“Darling, there’s a market for everything!” Whether in reference to an obscure Massenet opera or his specially designed outfits from Northbound Leather, Stuart more than proved the point during his 87 years on planet Earth.
Hello Bohème! was my official introduction to Stuart Hamilton. I had of course heard of him but had never experienced the force of his personality firsthand. Stuart had dreamed up a potted version of the Puccini masterpiece for Theatre in the Dell, one of Toronto’s then-flourishing cabaret hotspots. We’re talking 1973, dimly lit second-floor rooms, cheap wine and suspect Italian food. Roxolana Roslak and Michael Burgess and Lynn Blaser and Avo Kittask were the two pairs of lovers. The remainder of the cast was me…filling in for the chorus, sugar daddy Alcindoro, Parpignol and the children’s chorus. Stuart, though, was the big star. He had been hailed as a comedian and pianist in Beyond the Fringe and his name is what drew in the crowds. Night after night for over five months, he’d sit at the rickety old spinet playing a tune or two from La Bohème, the phone on the piano would ring and he’d answer with a lilting “Hello… Bohème… you’re going to see Bohème? Darling, you’ll love it…!” And away we’d go on his guided tour through the life and death of poor doomed Mimi. Who knows…the surprisingly robust market for Hello Bohème! may have planted the seed for his big idea.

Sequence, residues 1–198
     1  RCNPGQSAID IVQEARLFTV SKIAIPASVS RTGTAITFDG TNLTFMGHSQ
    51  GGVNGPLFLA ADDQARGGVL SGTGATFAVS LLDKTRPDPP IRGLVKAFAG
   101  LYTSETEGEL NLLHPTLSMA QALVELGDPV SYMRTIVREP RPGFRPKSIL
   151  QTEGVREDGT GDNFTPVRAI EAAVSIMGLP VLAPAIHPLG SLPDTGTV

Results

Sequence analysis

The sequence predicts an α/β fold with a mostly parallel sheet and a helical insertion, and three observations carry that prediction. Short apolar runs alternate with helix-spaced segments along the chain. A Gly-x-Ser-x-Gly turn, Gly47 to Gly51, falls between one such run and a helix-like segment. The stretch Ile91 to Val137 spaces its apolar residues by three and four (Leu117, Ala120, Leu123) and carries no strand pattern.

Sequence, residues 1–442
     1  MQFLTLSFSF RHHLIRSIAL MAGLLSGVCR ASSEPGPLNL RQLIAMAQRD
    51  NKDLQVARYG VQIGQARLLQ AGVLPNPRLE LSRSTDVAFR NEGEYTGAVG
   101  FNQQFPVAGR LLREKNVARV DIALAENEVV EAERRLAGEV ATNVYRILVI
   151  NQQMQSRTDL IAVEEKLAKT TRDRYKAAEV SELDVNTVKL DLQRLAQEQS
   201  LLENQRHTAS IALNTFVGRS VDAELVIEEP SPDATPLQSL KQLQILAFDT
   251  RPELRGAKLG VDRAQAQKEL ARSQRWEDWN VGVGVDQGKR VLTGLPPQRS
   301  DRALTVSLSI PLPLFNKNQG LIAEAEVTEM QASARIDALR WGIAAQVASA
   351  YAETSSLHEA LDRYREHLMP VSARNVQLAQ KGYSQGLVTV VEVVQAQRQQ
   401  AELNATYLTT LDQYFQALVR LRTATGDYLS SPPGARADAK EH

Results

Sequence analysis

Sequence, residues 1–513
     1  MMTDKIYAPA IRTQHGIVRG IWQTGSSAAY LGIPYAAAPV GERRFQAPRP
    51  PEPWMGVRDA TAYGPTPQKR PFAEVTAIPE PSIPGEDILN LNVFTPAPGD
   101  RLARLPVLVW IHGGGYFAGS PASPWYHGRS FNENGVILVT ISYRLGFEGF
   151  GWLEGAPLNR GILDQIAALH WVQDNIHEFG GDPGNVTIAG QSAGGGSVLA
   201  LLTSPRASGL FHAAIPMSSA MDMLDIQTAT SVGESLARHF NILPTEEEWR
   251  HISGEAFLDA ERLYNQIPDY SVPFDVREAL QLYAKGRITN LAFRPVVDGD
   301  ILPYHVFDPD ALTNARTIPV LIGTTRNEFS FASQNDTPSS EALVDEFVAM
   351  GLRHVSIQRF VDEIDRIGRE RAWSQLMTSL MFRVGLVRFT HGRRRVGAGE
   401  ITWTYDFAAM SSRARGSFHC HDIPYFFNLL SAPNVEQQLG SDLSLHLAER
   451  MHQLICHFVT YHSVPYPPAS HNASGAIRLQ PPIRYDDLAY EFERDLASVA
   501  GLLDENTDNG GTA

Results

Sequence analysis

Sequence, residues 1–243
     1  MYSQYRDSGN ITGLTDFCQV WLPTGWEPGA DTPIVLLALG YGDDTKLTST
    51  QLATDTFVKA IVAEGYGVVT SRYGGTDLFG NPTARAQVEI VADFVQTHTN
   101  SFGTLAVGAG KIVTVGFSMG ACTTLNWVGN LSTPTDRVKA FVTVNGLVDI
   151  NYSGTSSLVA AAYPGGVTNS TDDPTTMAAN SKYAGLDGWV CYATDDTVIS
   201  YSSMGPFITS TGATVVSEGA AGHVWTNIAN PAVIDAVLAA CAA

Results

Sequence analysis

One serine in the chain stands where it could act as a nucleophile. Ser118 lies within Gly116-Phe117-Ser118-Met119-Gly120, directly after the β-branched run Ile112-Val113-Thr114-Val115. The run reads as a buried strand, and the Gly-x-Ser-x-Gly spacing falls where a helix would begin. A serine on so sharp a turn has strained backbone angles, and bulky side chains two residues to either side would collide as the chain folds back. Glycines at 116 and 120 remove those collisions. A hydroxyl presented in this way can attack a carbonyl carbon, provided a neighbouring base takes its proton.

And that was Opera in Concert.
Stuart believed passionately in the wealth of talent to be found right here in Toronto and despaired that so many fine young singers felt they had to go to New York or Europe to get ahead. His other passion was French opera. So, why not a concert series showcasing rarely heard French opera performed by rarely heard Canadian singers? That first season (1974/75), Thomas’ Hamlet, Massenet’s Thaïs and Berlioz’s Béatrice et Bénédict hit the boards of the Jane Mallett Theatre and the rest is history. What history does not reveal is that Stuart coached all the singers for free and never took a salary as founder, artistic director and pianist for Opera in Concert. As it turned out, the market for less familiar operatic fare – French and not-so-French! - was significant and soon enough the series was expanded to four operas, some performed with orchestra.